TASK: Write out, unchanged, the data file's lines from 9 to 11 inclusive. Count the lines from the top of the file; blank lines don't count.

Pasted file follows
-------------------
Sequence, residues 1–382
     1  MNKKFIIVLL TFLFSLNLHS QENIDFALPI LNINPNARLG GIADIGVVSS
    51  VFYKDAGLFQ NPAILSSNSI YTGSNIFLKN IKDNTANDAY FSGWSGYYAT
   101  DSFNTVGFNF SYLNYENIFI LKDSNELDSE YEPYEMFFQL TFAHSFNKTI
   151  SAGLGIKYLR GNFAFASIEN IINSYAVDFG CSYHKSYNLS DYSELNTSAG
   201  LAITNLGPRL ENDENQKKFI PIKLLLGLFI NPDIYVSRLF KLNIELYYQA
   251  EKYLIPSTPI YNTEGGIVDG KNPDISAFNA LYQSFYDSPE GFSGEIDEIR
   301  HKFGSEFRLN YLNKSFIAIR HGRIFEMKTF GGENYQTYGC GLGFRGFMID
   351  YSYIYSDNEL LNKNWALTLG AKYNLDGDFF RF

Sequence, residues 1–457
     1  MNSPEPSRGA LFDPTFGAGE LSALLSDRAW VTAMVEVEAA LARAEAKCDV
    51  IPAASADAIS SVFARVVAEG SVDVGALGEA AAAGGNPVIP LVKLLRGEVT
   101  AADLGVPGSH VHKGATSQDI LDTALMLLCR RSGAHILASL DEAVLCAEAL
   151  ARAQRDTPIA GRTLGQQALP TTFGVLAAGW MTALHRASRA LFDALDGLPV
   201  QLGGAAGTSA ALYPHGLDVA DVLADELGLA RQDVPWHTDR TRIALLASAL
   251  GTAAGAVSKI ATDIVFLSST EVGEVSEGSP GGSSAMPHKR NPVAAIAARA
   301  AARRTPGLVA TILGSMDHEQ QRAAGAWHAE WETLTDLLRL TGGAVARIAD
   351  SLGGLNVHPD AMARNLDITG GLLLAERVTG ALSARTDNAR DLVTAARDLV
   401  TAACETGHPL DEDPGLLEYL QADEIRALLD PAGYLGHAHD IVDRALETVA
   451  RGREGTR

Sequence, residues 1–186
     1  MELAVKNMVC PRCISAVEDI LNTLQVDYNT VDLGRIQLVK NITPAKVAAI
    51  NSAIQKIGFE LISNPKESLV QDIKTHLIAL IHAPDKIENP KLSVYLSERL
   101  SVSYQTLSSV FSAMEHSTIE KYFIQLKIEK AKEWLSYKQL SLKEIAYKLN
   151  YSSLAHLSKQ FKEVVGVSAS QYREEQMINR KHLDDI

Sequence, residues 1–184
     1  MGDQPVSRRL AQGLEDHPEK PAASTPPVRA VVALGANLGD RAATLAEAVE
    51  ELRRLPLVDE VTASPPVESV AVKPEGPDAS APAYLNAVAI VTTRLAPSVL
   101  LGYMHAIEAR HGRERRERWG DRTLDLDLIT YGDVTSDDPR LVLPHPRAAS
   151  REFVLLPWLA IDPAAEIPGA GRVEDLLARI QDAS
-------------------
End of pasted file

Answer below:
   351  YSYIYSDNEL LNKNWALTLG AKYNLDGDFF RF

Sequence, residues 1–457
     1  MNSPEPSRGA LFDPTFGAGE LSALLSDRAW VTAMVEVEAA LARAEAKCDV